Attention-deficit/hyperactivity disorder (ADHD) symptoms combined with high levels of irritability during childhood is a significant predictor of subsequent mental health problems and suicidality in adolescence, according to findings from a new study. To draw this conclusion, Cedric Galera and colleagues followed >1,400 children from the general population who were enrolled in the Québec Longitudinal Study of Child Development. First, they identified the developmental trajectories of childhood ADHD and irritability symptoms between the ages of 6 and 12 years. They then analysed whether these trajectories were associated with psychiatric symptoms, functional impairment and suicidal ideation or attempts between 13 and 17 years of age.
The researchers identified distinct childhood developmental profiles, as follows: absent/very low ADHD and irritability (which affected 67% of the cohort), moderately high irritability and low ADHD (11%), moderately high ADHD and low irritability (14%), and both high ADHD and high irritability (8%). During adolescence, participants with high childhood ADHD and irritability had higher levels of ADHD symptoms, externalizing and internalizing symptoms, and functional impairment, compared to all three other groups. They were also more likely to experience suicidality than the first two groups.
Galera et al. explain that more children from lower socioeconomic backgrounds were lost to follow up, so their study sample likely represents young people at lower risk and the observed associations might be underestimates. However, pending replication of these findings, the researchers believe that there is still good reason for clinicians to consider irritability symptoms when diagnosing and assessing ADHD. Further studies are now warranted to determine whether decreasing childhood irritability might improve adolescent mental health and suicidal outcomes in children with ADHD.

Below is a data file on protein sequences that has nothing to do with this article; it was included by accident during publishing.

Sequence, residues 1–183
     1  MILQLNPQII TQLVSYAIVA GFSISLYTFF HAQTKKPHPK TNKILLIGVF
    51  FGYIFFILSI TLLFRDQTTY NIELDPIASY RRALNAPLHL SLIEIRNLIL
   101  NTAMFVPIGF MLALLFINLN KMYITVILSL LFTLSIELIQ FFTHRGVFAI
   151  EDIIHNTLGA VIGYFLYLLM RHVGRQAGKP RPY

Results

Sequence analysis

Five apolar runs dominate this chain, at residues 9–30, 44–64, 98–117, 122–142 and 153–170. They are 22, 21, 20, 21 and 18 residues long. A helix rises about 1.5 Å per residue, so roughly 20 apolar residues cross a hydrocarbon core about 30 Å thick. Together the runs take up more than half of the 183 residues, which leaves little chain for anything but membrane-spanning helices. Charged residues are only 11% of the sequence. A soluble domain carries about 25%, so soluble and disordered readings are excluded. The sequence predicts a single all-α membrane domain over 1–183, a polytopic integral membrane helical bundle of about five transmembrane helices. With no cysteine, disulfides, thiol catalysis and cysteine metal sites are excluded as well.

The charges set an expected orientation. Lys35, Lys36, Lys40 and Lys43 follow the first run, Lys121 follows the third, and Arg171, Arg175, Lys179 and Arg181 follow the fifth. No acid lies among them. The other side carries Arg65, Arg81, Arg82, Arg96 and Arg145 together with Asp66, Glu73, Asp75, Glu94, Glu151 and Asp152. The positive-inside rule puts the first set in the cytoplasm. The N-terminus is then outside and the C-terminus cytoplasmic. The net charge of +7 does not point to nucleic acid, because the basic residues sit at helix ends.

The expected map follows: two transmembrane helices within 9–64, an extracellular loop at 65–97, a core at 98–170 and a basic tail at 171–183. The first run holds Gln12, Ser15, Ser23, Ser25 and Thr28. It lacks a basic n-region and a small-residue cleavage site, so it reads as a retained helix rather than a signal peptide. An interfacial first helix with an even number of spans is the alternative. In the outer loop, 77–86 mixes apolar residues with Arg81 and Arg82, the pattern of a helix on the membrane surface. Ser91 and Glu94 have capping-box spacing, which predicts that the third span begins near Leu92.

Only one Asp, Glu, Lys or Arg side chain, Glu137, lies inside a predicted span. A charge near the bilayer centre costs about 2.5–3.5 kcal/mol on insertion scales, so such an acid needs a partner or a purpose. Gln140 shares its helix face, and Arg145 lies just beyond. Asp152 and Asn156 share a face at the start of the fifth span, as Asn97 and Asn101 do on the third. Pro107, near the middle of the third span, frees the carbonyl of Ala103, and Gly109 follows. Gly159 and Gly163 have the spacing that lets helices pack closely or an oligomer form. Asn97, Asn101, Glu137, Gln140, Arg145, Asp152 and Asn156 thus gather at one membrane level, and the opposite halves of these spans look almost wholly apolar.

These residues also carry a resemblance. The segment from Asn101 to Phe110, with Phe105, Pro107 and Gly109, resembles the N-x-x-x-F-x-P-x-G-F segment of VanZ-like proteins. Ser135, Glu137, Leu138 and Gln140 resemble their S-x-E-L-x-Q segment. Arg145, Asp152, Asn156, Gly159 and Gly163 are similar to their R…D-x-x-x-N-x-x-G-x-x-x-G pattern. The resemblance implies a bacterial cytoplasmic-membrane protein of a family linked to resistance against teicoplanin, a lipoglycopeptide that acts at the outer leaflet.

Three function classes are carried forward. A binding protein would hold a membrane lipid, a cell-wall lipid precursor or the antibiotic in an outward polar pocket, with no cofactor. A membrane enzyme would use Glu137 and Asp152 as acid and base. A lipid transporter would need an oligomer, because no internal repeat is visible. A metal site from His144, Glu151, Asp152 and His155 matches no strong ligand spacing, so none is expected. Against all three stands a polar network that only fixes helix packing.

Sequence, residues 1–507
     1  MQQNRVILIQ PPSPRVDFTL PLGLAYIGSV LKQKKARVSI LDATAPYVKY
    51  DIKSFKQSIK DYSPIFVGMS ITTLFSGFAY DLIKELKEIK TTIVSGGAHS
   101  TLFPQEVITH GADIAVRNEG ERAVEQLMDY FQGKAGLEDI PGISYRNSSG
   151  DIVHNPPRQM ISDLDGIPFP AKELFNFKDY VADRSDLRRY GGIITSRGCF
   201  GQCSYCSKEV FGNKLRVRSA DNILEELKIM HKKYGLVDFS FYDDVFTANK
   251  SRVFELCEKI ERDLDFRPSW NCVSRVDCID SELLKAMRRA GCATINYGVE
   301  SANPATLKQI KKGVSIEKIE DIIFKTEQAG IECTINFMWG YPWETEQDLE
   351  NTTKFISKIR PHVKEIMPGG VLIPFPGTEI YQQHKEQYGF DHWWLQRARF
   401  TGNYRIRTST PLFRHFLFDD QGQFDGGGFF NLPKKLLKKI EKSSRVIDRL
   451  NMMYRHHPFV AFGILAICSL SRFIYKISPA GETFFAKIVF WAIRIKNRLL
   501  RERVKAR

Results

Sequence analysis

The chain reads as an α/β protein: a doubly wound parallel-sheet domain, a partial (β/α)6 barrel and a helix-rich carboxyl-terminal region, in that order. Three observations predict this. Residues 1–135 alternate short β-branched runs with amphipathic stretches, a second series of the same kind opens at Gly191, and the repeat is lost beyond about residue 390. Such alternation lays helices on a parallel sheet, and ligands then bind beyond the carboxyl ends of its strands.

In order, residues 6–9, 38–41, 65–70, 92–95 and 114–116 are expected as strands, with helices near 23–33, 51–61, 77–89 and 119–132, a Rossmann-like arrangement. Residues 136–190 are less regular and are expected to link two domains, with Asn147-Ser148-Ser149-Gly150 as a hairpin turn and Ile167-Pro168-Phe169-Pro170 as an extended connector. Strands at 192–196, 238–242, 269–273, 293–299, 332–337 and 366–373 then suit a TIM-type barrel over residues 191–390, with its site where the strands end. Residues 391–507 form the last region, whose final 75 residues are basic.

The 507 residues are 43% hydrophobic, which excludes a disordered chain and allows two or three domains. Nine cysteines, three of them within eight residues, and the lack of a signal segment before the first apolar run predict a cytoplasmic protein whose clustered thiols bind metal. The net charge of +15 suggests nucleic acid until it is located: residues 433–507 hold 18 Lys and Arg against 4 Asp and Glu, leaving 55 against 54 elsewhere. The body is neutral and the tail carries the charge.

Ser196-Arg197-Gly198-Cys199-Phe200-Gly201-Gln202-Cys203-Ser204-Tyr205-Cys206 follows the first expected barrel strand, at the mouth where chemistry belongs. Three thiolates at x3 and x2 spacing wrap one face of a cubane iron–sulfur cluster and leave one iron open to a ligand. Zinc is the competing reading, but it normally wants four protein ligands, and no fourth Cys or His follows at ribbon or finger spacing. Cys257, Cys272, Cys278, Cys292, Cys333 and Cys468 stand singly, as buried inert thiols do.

Galera, C., Orri, M., Vergunst, F., Melchior, M., Van der Waeden, J., Bouvard, M.P., Collet, O., Boivin, M., Tremblay, R.E. & Côté, S.M. (2020), . J. Child Psychol. Psychiatr. doi: 10.1111/jcpp.13270.
Internalizing symptoms: emotional symptoms which tend to be experienced internally. In this study the internalizing symptoms assessed included social phobia, generalized anxiety, and depression symptoms.
Externalizing symptoms: maladaptive behaviours which are directed externally towards the environment. In this study the externalizing symptoms assessed included oppositional defiant disorder, conduct disorder, psychopathy, delinquency and contact with police, and aggression symptoms.
Functional impairment: limitations to daily life and usual roles. For example, difficulty completing school-work or socializing with friends.